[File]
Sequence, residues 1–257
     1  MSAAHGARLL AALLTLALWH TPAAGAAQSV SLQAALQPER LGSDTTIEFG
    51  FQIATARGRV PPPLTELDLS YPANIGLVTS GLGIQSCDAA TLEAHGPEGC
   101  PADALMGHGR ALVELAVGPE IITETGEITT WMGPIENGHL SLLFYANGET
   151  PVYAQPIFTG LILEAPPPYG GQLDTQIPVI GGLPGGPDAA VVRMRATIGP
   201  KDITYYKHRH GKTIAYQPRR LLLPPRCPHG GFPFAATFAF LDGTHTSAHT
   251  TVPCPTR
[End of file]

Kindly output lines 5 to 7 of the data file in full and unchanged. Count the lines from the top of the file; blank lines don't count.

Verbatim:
   151  PVYAQPIFTG LILEAPPPYG GQLDTQIPVI GGLPGGPDAA VVRMRATIGP
   201  KDITYYKHRH GKTIAYQPRR LLLPPRCPHG GFPFAATFAF LDGTHTSAHT
   251  TVPCPTR